Tuesday, February 23, 2010

India Journal, December 2009. Entry 6

"The definition of insanity is thinking that you need something you don't have. The mere fact that you exist right now without that which you think you need is proof that you don't need it." Byron Katie, author and spiritual teacher

India, as I think about my short time here, seems to me to be a land and people who have internalized the essence of existence: 1,161,240,000* or so people rise each morning, bathe, have a cup of tea and make their way to work, or school, or the shop where they gather to smoke and socialize. Or to the streets to beg.


Our tour of Old Delhi continues. As we pass the India Gate, otherwise known as the All India War Memorial, I gasp. – Next to us, a family of five is circling the round-about, top-speed, on a motor-bike. Papa is driving with a toddler in his lap; behind him, a small girl and her mother wrap their arms around each other and his waist; and on Mama’s back, in a wrap-around sling, is baby. I think back a year, before Avery Pearl was born, to my son-in-law, checking and double-checking his government-approved infant seat so he could safely bring his precious daughter home from the hospital…

I make myself concentrate on what Sammy is telling us about the Gate. It was constructed in 1921 to commemorate the seventy thousand Indian soldiers who perished in World War I. As India was under British rule then, the Army of India consisted of both the Indian and the British Armies in India, and was the military protector of the British Raj. In 1971, “Amar Jawan Jyoti” was added under the original arch to honor the Indian Jawans who gave their lives during the Indo-Pak War of 1971…

Our next stop is a World Heritage Site, the Red Fort. Sammy pulls to the curbside near the main entrance. He will wait if we want to tour, but suggests that if we want to see other places of interest, we may want to postpone, as it usually takes a minimum of 3 hours to walk through the grounds and buildings. I can understand why. The Fort is an immense irregular octagon with two main gates, the Lahori and the Delhi. The walls and gates of the structure are the striking red sandstone that is such a favored building material in this Northern Indian state. We won’t have an opportunity to see for ourselves, but Sammy explains that the many halls and palaces inside are built largely of Indian marble. Next visit, I promise myself, along with the Taj Mahal. Sammy sends us off with the instructions to "watch for pick-pockets, and meet me back here in 30 minutes".


“Americans!” As we exit the car, we can literally hear the murmur pass through the group of peddlers waiting at the entranceway.

“Mrs. Mrs? You like to see my books to remember your visit to the Red Fort?”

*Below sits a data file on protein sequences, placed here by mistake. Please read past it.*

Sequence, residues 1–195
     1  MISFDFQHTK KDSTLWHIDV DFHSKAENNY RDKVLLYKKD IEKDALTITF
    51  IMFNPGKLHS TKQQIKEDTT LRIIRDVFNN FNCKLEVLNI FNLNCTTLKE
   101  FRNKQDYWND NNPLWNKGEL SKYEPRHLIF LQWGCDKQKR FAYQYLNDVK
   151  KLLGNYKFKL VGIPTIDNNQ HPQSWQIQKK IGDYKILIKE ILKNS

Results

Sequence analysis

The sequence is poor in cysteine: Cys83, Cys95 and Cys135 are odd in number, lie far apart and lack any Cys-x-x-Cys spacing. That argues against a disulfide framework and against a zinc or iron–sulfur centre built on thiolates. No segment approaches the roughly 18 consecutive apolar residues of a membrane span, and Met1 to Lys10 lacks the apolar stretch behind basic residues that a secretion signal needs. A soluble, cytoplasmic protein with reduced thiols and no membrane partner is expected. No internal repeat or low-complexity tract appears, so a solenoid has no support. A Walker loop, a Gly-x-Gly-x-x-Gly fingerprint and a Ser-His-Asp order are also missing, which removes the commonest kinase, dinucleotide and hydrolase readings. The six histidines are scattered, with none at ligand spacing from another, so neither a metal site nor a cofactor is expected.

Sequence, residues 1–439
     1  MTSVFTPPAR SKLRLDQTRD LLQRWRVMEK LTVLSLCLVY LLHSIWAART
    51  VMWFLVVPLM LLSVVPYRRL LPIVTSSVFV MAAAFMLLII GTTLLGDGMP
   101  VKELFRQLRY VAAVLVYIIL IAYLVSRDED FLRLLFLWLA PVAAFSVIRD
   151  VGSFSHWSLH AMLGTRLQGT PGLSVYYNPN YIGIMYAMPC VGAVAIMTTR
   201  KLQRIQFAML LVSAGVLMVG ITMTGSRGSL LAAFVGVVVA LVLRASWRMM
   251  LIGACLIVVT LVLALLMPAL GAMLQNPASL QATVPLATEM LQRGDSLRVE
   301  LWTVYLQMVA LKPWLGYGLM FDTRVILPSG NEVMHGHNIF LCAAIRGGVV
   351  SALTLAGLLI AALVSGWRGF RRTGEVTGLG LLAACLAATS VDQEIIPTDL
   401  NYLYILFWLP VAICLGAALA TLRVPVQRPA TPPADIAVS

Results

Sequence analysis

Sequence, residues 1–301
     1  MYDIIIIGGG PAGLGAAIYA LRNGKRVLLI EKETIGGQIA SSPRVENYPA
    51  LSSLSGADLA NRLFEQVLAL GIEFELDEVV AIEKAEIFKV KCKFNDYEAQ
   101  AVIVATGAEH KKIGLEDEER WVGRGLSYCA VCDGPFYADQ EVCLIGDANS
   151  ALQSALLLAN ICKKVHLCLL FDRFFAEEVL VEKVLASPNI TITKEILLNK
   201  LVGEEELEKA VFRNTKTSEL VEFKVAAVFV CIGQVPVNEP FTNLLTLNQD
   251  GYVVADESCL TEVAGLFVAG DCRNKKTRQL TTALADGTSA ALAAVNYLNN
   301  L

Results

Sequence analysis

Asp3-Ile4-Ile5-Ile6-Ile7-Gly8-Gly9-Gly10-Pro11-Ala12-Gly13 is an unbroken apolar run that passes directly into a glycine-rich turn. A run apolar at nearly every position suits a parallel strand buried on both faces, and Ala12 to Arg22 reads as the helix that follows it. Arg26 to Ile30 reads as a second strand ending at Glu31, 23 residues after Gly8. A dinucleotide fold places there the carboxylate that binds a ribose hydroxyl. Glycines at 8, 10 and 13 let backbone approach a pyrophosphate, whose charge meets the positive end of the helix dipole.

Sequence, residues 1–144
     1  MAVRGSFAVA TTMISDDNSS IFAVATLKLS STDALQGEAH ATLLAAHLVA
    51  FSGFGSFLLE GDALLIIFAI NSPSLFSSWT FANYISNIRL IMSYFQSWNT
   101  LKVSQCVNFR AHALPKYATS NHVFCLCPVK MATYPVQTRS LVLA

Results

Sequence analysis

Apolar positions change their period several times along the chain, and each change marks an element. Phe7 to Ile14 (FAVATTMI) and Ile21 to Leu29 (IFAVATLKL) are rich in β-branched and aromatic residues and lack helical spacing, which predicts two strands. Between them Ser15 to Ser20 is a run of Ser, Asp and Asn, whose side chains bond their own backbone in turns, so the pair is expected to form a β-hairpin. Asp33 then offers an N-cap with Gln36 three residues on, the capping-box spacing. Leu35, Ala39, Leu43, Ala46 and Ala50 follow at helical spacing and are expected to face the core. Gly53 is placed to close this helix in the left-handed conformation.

“No, no thank you.” I duck away, and he pursues. “But these are good pictures, see?”

“Yes I do. But I have my own camera.”

“Then I take a picture of you and your husband in front of the Red Fort with your camera. My time only 10 rupee.”

I gesture no, and in turning, bump into a young, bearded boy. “Raj beard. Only 5 rupee.” I stare at him dumbly. On his display board are a variety of fake beards, all in the style of mid-eighteenth century Indian royalty. “Put on you. See?”

“No put on me. No thank you, sweetheart.” I fish in my back-pack for a granola bar. His face crumples when I hand it to him.

“Namaste, Mrs.”, he whispers as he walks away. I look after him for about 20 seconds and when I turn around, there stands a tall, smiling slender man who, it turns out, is the same one we initially encountered at the gate. He has traded his postcard books for a box of toy “putt-putts”. (A putt-putt is a 3-wheeled, diesel-driven, open taxi. A very popular and cheap way to travel around town in India.)

“For your grandson, Mrs. 20 rupee. Is a deal?”

“No, sir, no deal. No thank you.” I am getting exasperated. We have spent about 15 minutes and have only traveled 50 feet into the courtyard.  I content myself with snapping a few pictures of the Fort from this distance. Tim buys a photo book for 10 rupees to silence the man and we run, literally, back to the safety of Sammy and his cool, clean car.

I want to see India. I want to experience India. But -- I am tired, already, of this endless pursuit.

* As of the March 2009 official census.  Note that this is a population increase of almost 932 million people since the previous census of January 2008. (1,129,888,000)  I think, perhaps, there is a little love-making going on, too.

Friday, February 19, 2010

India Journal, December 2009. Entry 5

Old Delhi

Sammy’s car is small and clean. As with our airport driver, he takes great pride in it, and makes a good show of keeping the windows spotless.

“Today we see Old Delhi. Perhaps tomorrow we can see New Delhi or Agra?” Agra. I have to stifle my automatic “yes!”. This is a sore point with me. Siobhan has decreed that Agra is not a good place for us to visit. Too poor. Too sad. Too tourist-y. “You should have the authentic Indian experience, as I have had.” (Although SHE has seen the Taj) My argument that one must see the Taj Mahal if one is in Northern India falls on deaf ears, and I am too timid to undertake this side-trip on my own. “I’m afraid this is our only day in Delhi, Sammy. Tomorrow we will be traveling to Jaipur by train to see our daughter,” replies Tim.

“Well. We should then make haste.” He floors the accelerator and joins the honking chorus of lorries, bicycles and scooters that cram the streets of the older part of the city. “First, we see the marketplace.”

When it seems that the narrow passage cannot hold one more vehicle, the road becomes more crowded. Our driver rolls down his window. I can only guess at what he shouts to move the press of pedestrians that now join the mix.  Without acknowledging him and as if on cue, they move away from his vehicle. Once again, we can see out the windows, and those outside can also see in the windows. In less than a minute, the tapping begins. “Mrs. Mrs.? No food.” A very young woman, perhaps fourteen or fifteen, shows me her baby, who has a badly burned arm. His nose is running and flies sit in the snot above his lip. I have to close my eyes and put my head on my chest, as I fear that I might faint. This is real. This is not an infomercial for “Save the Children” on late night TV. Sammy is angry. He stops the engine and steps out of the car. It is then that I realize how massive his frame is in relation to many of his countrymen. He yells and gestures and the woman steps away.